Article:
In the realm of skin conditions, keloids and hypertrophic scars stand out as some of the most intriguing yet misunderstood phenomena. These scars, often seen as unsightly blemishes, are a testament to the body’s incredible ability to heal, albeit sometimes in an exaggerated manner.
This article delves deep into the world of these unique scars, shedding light on their causes, characteristics, and the myriad of treatment options available.
What are they?
Keloids scars/ hypertrophic scars are a very common lesion. Practically everyone in Singapore knows or has seen someone with an unusually large firm fleshy (or sometimes red) lesion over the left deltoid region (the so-called BCG scar).
Keloids and hypertrophic scars are formed by the body’s exaggerated healing response to wounds and injuries. When you get a cut or a wound the body will heal itself by closing the defect with fibrous tissue. This can sometimes leave a small mark known as a scar. Occasionally, the healing process may be exaggerated and you get an abnormally large or prominent scar, otherwise known as a keloid or a hypertrophic scar.
There are other skin variations like Fordyce spots on the vulva, which are harmless but can cause concern due to their unfamiliar appearance.
Hypertrophic scars can be distinguished from keloids by the following:
- Hypertrophic scars tend to stay to the margin of the original wound
- They generally tend to soften and flatten over time, unlike keloids, which progress to grow over the years.
Why do I get them?
As previously stated, these lesions tend to develop after injuries to the skin. Keloids and hypertrophic scars can arise from anything, from surgical scars, ear piercings, BCG vaccinations to even trivial causes such as acne. There is no hard and fast rule to predict who or even which skin lesion will develop into a hypertrophic scar or a keloid.
The areas over the sternum (upper chest), deltoid (shoulder) and the upper back tend to have an increased risk of keloid and hypertrophic scar formation.
Keloids and hypertrophic scars are also noted to be associated with infected wounds, foreign bodies in the wound, wounds with high tension closure and repeated trauma. Additionally, keloids tends to form more frequently in Asians and darker-skinned people.
Are they dangerous?
Neither keloids nor hypertrophic scars are dangerous. They may however cause localized irritation, itching and occasionally pain. If either forms in an area of the skin exposed to frequent motion, this may cause friction and discomfort. Keloid scars in particular are quite unsightly and many people are keen to get rid of them for this reason.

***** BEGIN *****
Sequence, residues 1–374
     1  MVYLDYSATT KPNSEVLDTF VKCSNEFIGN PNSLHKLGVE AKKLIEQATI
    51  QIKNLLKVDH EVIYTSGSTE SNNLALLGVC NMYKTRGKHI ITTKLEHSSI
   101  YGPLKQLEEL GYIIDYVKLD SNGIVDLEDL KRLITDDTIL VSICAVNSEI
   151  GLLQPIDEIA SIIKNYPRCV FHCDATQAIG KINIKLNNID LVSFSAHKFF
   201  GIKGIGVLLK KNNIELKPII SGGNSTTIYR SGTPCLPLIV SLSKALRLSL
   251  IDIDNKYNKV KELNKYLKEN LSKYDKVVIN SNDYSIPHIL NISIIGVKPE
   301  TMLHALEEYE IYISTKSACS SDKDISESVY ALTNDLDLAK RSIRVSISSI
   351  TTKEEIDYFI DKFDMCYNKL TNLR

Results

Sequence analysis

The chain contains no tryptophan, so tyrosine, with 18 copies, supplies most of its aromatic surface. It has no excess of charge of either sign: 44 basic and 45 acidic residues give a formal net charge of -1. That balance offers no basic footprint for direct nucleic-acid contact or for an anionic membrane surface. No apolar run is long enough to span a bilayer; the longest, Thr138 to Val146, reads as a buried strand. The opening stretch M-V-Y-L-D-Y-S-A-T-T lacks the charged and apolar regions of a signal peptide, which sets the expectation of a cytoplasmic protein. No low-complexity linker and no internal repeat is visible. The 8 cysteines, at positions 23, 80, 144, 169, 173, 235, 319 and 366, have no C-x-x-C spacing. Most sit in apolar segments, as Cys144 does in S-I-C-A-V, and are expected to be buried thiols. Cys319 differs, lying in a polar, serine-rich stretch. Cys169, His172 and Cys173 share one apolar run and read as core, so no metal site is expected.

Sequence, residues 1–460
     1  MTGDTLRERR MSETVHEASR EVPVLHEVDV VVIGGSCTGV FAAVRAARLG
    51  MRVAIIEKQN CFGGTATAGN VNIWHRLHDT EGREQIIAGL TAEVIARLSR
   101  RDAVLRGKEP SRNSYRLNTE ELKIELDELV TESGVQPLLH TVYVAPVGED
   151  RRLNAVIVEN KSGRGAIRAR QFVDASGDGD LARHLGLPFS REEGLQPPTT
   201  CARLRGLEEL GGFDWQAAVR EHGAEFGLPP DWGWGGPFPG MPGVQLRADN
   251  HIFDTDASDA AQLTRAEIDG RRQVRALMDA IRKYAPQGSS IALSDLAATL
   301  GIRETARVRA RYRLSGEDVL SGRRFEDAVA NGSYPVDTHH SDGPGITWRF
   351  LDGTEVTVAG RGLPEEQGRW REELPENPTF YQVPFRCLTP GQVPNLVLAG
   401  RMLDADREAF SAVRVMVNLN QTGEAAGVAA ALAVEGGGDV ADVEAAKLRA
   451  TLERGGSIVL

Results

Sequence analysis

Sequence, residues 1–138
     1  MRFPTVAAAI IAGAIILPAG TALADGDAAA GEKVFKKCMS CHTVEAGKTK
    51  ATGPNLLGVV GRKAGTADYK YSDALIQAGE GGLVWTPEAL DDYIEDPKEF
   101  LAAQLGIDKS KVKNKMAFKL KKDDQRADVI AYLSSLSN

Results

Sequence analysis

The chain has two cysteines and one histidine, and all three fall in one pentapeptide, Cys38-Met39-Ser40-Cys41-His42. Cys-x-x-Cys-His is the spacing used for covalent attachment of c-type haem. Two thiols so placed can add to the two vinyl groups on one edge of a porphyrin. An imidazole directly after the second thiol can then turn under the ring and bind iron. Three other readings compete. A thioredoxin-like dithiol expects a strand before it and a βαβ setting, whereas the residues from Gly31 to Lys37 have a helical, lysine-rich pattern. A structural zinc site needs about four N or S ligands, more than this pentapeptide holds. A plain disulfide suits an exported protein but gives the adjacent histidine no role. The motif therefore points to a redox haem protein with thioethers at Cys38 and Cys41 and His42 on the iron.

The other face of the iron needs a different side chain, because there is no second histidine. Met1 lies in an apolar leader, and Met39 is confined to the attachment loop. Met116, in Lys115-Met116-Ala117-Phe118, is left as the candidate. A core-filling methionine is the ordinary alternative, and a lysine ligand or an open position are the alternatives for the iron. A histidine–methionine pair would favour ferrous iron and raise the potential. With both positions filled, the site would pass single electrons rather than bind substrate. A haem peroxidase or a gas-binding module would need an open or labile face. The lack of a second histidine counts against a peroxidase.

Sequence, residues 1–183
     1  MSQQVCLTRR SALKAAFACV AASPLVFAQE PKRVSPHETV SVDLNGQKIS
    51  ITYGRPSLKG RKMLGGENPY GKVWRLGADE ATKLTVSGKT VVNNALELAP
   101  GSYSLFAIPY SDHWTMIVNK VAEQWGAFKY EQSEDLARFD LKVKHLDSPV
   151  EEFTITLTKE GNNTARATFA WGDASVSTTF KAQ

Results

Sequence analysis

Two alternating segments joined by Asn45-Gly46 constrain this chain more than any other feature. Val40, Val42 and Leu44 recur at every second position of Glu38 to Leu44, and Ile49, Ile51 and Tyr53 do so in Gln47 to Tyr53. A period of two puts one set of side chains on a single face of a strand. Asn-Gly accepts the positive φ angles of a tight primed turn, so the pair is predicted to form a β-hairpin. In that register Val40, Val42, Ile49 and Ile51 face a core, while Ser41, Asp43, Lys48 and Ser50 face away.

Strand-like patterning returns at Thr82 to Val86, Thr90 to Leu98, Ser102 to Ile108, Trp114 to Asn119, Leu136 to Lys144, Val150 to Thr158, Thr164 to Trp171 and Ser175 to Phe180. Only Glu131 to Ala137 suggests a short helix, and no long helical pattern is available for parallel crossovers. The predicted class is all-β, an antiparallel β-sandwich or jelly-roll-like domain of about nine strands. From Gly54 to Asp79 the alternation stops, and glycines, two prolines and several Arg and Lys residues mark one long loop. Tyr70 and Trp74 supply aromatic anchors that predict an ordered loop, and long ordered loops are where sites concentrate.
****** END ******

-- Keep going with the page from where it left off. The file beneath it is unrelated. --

What should I do?
The best way to treat keloids and hypertrophic scars is to not let them occur in the first place. This means taking care of any wounds, keeping them clean and avoiding contamination. Appropriate and timely closure of large wounds such as cuts and lacerations may also reduce the risk of keloid and hypertrophic scar formation. There are a number of topical applications available that are targeted to minimize poor wound healing. However, even with your best efforts, it may not be possible to prevent them from happening.
How do I get rid of it?
Both hypertrophic and keloid scars can be treated in similar ways, although keloid scars tend to respond less favourably and have a higher chance of recurrence. In addition, hypertrophic scars tend to flatten and soften over time, unlike keloid scars which usually get bigger with time.
Classically, intralesional steroid injections have been used to treat keloids and hypertrophic scars, with a good degree of success.
Intralesional steroid injection
While it may flatten the lesion, the discoloration or atrophic appearance of the scar will often remain. Steroid injections must also be applied cautiously for fear of thinning the skin. For this reason, the course of treatment is usually a series of injections applied to the lesion over the duration of a few weeks or even months, rather than a single large depot dose of steroid.
There are a lot of topical applications in the market that are available to help reduce keloids and hypertrophic scars. These applications often include retinoic acids, Vitamins A and E, corticosteroids as well as antihistamines. Response to these creams has been varying.
Compression of the lesions also seems to help, particularly with keloid wounds. Its thought to interfere with the continued inflammatory process associated with the progressive growth of keloids. However, compression often needs to be applied for up to 23 hours daily for 6 months of more. This makes it impracticable for facial and other visible keloid lesions.
Cryotherapy has recently been used with good respone. The cyro-agent is used to induce cellular destruction in the keloid or hypertrophic scar over a series of sessions.While it shows good results in up to 60% of lesions, it is important to note that cryotherapy may cause hypopigmentation.
Surgical excision is usually a last resort when it comes to dealing with keloids in particular. There is always a chance that the keloid will recur or even worsen post surgery. Hypertrophic scar tend to respond a bit better.
Recently, there have been combinations of traditional surgical excision with laser irradiation and external beam therapy to prevent the reactive regeneration of the lesion. However this has to be used very cautiously, as there is a potential for beam radiation to potentiate tumors.
Keloids and hypertrophic scars, while not dangerous, can be a source of discomfort and self-consciousness for many. Understanding their nature and the available treatments is the first step towards managing and potentially reducing their appearance.
Remember, every scar tells a story, and while we might seek to diminish its prominence, it’s a testament to our body’s resilience and ability to heal.